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### Re: PMDC Motor theory - formulae etc.

avandalen
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### Re: PMDC Motor theory - formulae etc.

Horses for courses
http://www.consult-g2.com/course.html

@Albert
http://www.modelbouwforum.nl (RC)
Vriendelijke groeten Ron

ron van sommeren
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### Re: PMDC Motor theory - formulae etc.

http://www.innovatia.com/Design_Center/ ... ronics.htm

Scroll down to Motor Control section

Miles
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### Re: Motor theory - formulae etc.

Miles wrote:
bigmoose wrote:More on reducing eddy current losses, but this is for a conventional BLDC motor. Perhaps we can learn a bit by similarity.

Ã¢â‚¬Â¢ Reducing the number of magnet poles Nm. Hysteresis losses are directly proportional to the fundamental electrical frequency. Eddy current losses are directly proportional to the square of the fundamental electrical frequency. Since the fundamental electrical frequency is Nm/2 times greater than the motor shaft speed, reducing the magnet pole count allows one to reduce core losses significantly without lowering the motor shaft speed.[/list]

I know this thread is old but I have a problem with this last statement I do understand reducing the number of magnet polls helps reduce hysteresis losses but I don't see how it can change eddy current losses. Because even if you have one big magnet or 10 little ones they will all cause the same drag at speed. Imagine the piece of aluminum with a magnet sliding down it and how slow it moves. Now imagine 10 smaller magnets all 1/10 th the size sliding down the same piece of aluminum.....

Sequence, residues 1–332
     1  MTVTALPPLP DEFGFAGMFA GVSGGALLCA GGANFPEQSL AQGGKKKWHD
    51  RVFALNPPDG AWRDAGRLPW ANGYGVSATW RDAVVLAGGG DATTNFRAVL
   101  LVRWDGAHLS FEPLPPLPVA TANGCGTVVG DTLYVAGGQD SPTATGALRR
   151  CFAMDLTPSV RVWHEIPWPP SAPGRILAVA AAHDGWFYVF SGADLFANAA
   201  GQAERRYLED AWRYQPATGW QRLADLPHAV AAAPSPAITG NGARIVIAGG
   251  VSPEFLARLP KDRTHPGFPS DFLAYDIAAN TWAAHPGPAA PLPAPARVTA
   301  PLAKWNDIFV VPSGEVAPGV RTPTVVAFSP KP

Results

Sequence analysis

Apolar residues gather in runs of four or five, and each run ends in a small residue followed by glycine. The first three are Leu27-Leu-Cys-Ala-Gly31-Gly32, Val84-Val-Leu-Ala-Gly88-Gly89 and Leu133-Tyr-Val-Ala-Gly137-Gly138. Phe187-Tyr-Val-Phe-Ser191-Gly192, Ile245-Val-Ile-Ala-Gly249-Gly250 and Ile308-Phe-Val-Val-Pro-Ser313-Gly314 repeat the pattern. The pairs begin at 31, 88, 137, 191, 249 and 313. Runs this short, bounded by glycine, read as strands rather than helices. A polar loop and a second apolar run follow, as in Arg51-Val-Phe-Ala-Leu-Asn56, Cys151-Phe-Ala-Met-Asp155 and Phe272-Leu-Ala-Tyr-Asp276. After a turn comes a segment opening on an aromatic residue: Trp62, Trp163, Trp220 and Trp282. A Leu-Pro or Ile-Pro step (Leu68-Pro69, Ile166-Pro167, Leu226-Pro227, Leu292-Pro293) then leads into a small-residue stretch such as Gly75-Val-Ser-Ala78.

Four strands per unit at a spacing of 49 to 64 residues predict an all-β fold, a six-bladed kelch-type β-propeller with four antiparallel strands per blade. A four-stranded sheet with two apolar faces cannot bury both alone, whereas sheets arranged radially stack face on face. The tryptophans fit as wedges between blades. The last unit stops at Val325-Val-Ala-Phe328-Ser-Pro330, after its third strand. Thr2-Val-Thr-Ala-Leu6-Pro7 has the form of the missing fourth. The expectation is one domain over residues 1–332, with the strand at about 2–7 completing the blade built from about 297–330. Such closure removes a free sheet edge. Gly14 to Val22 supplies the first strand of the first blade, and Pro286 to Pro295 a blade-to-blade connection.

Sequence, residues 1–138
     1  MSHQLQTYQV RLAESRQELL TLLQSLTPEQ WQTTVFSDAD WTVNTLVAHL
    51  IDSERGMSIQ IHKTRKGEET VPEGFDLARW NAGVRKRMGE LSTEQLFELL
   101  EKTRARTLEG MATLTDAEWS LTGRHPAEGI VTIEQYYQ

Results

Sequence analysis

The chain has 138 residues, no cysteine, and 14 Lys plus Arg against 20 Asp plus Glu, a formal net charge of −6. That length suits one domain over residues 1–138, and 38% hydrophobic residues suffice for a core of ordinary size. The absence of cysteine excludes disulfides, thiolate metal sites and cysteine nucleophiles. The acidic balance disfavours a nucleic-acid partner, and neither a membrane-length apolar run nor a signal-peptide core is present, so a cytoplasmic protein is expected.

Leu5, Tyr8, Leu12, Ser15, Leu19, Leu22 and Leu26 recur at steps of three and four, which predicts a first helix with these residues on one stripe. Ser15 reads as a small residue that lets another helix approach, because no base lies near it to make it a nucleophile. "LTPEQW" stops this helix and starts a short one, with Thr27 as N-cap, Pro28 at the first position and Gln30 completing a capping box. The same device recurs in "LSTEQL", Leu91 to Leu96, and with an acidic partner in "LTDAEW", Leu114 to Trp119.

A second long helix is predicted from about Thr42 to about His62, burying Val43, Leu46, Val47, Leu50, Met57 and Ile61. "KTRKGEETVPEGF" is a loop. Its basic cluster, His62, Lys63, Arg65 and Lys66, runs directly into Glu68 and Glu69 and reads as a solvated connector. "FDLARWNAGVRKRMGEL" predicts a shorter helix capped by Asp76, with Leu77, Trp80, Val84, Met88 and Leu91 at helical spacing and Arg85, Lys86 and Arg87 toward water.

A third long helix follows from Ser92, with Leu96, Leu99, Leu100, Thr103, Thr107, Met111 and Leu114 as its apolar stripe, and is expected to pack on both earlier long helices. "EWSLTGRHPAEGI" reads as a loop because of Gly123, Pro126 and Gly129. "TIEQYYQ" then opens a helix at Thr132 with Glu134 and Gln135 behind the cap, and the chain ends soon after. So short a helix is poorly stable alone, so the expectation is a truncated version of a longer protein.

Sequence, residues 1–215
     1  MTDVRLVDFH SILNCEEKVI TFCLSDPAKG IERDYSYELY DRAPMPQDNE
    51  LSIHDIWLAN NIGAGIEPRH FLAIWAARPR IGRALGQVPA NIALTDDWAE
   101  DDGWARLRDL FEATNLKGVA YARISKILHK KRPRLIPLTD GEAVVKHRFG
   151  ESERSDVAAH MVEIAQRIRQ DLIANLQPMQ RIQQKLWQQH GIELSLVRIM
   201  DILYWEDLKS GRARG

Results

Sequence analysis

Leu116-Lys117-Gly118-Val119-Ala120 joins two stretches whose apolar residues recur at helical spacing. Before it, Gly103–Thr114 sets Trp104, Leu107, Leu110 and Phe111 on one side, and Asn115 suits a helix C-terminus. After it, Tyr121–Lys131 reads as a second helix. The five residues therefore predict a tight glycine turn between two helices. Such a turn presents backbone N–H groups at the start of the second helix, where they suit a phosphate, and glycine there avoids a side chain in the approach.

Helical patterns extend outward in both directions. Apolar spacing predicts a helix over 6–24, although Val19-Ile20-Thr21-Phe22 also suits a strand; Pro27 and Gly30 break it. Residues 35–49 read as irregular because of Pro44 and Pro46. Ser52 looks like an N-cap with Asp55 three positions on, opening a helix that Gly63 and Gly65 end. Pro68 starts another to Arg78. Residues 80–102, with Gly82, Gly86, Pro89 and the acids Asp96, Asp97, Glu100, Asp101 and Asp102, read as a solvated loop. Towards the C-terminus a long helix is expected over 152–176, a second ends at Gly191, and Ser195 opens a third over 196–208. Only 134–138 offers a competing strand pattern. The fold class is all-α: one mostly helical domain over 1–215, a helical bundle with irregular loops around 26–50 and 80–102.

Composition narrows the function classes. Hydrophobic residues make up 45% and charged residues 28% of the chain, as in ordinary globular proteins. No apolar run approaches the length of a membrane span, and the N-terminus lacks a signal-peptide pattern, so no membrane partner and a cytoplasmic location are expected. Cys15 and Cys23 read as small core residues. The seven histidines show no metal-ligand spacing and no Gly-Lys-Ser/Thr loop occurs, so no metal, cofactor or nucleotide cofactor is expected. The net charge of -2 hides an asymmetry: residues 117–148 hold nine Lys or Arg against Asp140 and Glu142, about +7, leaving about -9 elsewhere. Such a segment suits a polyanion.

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### Re: PMDC Motor theory - formulae etc.

With regards to motor design, the calculations for performance and losses are a good lot more complicated than listed here in this FAQ, and are in addition to the number of teeth and poles and power and rotation, minimally determined by the following factors:

• Brushed vs Brushless
• Iron vs Ironless cores
• Number of stators and rotors in parallel or in series
For my own part during the ongoing discovery towards good AF designs... other than the basic fundamentals, not every published study agrees with the formulas specific to each geometry. The best that can be had is to encourage investigation of multiple case studies appertaining to the specific geometry until the complexion is understood well enough to determine the proper formulations which describe as best as possible the theoretical aspects, and then compare/validate the resultants against known quantities to measure the accuracy of the formulations. Relying on low-budget FEA software for accurate answers is circumspect, though it can work well enough to the model’s physicality in order to get close approximation of performance prior to prototyping.

In brief, unless schooled in motor design, the calculations following parameter iterations are complex and laborious. During these long hours I often humor myself with the following phase to keep my sanity in check:
Spock wrote:“I am endeavoring, ma'am, to construct a mnemonic memory circuit using stone knives and bear skins.”